Mattioli Woods Celebrates Success in the City with Stunning New Offices
It’s 1991 – and two family men are about to embark on the calculated risk of a lifetime..Ian Mattioli and Bob Woods opt to give up the security of salaried jobs to go it alone in an industry tainted by mis-selling and sky-high commissions.
With clients’ needs uppermost, their aim is to provide transparency – a commodity in short supply in the pensions’ world of the early 90s. A fair deal at a fair price, even though they know they face the vexation of many of their peers. And so it is that in a converted domestic garage in the heart of Leicester’s suburbia, troubleshooters Mattioli Woods is created.
Twenty-seven years on, and that same company can look back on a monumental journey that now sees it employ around 600 people, with assets under its management totalling £8.7 billion. Many of Ian and Bob’s original clients – and staff – remain firmly with the business.
Along the way, it has floated on the Stock Exchange, opened offices in cities across the UK, challenged industry standards and practices, helped shape policy, and expanded into wealth management, investment, and employee benefits. That’s not to mention royal recognition for its two founders who, in 2017, were awarded MBEs in the Queen’s Honours List for services to business and the community.
Now the ongoing success story of Mattioli Woods plc has entered another exciting new chapter. Four hundred staff have just vacated their ‘log-jammed’ base in Grove Park, Enderby, and moved a few miles down the road into purpose-built offices in the heart of Leicester city centre. It provides a modern, spacious working environment for its employees, and impressive, welcoming surroundings for clients.
Moreover, it gives the company the capacity it needs to develop in line with its business aspirations. There’s also an annual rental saving of around £850,000. Within ‘two to three years’, Ian Mattioli – now chief executive officer – expects the Leicester workforce to have swelled by a further 200, as organic growth and acquisitions continue to drive it forward.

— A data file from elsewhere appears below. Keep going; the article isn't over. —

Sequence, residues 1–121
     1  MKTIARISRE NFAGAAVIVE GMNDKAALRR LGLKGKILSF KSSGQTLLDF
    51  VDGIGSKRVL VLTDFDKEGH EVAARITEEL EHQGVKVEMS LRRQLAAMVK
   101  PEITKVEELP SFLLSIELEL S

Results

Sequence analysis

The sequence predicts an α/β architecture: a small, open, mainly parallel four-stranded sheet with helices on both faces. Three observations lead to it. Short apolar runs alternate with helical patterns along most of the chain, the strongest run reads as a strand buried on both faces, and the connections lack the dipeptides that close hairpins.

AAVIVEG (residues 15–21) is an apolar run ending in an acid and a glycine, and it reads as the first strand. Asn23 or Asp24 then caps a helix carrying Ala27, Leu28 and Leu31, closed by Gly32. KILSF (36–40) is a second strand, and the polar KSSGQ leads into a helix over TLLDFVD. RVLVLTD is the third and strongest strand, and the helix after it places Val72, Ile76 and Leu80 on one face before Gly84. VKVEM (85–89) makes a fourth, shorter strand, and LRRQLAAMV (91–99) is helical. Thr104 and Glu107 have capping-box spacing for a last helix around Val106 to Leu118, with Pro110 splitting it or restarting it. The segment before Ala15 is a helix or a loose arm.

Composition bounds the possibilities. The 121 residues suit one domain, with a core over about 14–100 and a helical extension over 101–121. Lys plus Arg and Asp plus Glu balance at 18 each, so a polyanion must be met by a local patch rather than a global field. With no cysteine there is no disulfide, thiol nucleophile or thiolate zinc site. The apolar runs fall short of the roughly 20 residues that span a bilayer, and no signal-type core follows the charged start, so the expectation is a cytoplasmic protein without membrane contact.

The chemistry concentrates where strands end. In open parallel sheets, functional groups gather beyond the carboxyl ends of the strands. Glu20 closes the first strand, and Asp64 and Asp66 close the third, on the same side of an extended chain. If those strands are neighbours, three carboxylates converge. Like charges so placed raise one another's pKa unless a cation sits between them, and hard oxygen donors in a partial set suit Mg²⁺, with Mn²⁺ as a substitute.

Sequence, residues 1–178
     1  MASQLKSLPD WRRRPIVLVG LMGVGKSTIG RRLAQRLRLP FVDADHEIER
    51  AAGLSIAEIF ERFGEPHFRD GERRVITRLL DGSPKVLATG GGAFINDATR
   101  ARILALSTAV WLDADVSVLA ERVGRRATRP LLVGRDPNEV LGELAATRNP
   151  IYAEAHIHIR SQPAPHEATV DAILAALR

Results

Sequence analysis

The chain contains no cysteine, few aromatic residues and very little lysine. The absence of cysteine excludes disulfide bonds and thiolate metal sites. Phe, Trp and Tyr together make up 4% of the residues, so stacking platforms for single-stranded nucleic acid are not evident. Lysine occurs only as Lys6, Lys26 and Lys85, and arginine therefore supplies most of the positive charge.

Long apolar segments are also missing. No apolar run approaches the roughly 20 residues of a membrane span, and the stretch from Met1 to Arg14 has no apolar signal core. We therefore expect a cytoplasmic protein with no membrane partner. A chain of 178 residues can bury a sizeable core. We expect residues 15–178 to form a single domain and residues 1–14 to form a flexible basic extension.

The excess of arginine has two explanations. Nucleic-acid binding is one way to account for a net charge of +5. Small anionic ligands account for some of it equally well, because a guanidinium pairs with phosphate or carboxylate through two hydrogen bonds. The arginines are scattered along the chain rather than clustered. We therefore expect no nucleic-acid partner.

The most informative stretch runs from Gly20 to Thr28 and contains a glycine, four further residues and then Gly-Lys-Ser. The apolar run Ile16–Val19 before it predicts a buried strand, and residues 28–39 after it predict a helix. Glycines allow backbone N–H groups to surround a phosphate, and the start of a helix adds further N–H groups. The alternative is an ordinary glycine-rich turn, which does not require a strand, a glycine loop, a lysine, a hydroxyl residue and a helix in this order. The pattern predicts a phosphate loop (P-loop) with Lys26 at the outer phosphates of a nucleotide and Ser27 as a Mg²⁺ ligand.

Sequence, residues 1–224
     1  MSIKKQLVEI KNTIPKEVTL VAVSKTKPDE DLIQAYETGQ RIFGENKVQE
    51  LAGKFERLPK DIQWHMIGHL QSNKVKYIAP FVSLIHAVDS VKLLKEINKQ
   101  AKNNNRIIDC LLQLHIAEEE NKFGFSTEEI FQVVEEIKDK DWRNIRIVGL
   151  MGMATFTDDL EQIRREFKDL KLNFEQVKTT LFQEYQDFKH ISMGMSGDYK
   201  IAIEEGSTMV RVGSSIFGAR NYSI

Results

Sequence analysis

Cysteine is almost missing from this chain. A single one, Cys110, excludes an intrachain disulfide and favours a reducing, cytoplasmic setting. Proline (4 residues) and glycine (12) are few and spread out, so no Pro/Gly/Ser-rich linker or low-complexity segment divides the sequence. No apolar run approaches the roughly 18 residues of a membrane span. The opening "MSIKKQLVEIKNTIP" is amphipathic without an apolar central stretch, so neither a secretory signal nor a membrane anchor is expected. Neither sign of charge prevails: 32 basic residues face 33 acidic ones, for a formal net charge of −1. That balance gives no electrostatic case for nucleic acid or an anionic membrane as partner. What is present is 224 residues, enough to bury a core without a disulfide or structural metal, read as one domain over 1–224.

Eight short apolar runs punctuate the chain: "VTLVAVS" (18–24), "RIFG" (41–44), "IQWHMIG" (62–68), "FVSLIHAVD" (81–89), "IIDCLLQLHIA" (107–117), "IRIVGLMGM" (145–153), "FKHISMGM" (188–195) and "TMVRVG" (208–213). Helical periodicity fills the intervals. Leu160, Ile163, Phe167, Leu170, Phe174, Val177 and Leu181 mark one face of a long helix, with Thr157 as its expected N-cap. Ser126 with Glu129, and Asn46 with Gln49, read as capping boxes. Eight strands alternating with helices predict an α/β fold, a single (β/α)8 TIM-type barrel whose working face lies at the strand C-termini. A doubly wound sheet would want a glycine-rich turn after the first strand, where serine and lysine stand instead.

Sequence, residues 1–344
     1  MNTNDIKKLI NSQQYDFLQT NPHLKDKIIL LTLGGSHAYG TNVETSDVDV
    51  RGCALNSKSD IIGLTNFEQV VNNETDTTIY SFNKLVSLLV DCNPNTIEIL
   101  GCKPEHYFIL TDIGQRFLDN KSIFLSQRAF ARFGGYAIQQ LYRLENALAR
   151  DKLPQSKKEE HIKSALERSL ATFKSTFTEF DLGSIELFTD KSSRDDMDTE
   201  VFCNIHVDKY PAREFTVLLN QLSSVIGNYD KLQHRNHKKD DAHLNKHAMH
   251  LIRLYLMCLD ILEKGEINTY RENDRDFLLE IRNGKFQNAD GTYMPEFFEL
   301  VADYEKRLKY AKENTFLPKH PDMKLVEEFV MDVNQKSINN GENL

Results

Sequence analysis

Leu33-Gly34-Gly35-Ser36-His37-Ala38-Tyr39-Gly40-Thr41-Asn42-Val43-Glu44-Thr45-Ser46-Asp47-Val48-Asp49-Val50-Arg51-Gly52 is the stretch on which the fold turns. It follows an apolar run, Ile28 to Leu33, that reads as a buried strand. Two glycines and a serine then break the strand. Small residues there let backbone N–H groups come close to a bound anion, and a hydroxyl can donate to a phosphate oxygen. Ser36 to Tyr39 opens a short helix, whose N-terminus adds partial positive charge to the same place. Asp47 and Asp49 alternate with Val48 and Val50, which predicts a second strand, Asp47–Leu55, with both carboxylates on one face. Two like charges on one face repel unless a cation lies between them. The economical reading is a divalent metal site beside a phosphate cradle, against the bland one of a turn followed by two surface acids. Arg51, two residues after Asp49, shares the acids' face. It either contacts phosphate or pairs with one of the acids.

The new five-storey, glass-fronted building boasts first-class facilities, with a roomy, modern open-plan layout. It has been developed on the site of the former Leicester City Council headquarters in New Walk, a structure demolished three years ago after it was declared unsafe.
Though its modern-day surroundings are very different to the company’s humble beginnings, Mattioli Woods prides itself on having retained the same values and integrity that have been its trademark from first to last.
“Clients are at the absolute core of what we do,” explains Ian Mattioli. “We are dealing with people’s aspirations and ambitions. Keeping hold of them has always been our long-term aim, something we continue to achieve through the quality of our service, and not being afraid to lower our costs when the opportunity is there”.
Whilst client care and satisfaction sit at the very summit of the company’s priority list, the training and development of staff doesn’t trail too far behind. Mattioli Woods operates its own bespoke, award-winning graduate and apprentices’ schemes and has forged strong links with education providers in and around the Leicester area. It is estimated the company could save several million per year if it discontinued its training programmes, but Ian Mattioli won’t hear talk of it as he regards such a move as narrowed and short-term thinking.
“If we ever stop training, then there’s something going wrong within the business,” he says. “We want everybody to be experts in what they do. That is really important to us. We like growing our own people”.
In reflecting on the firm’s rise and continuing success, Ian Mattioli points to one defining moment in 2005 as the catalyst for much of what has followed. He is referring to its flotation on the stock market as an AIM-listed company – something he proudly proclaims “the best thing we have done by far. It enabled us to grow and develop the business and give ownership to our employees,” he explains.
To illustrate the point, the number of shares held collectively by staff makes them among the company’s largest stakeholders.
“That’s because it’s the right thing to do,” the chief executive says.
As was that calculated risk way back in 1991, it seems.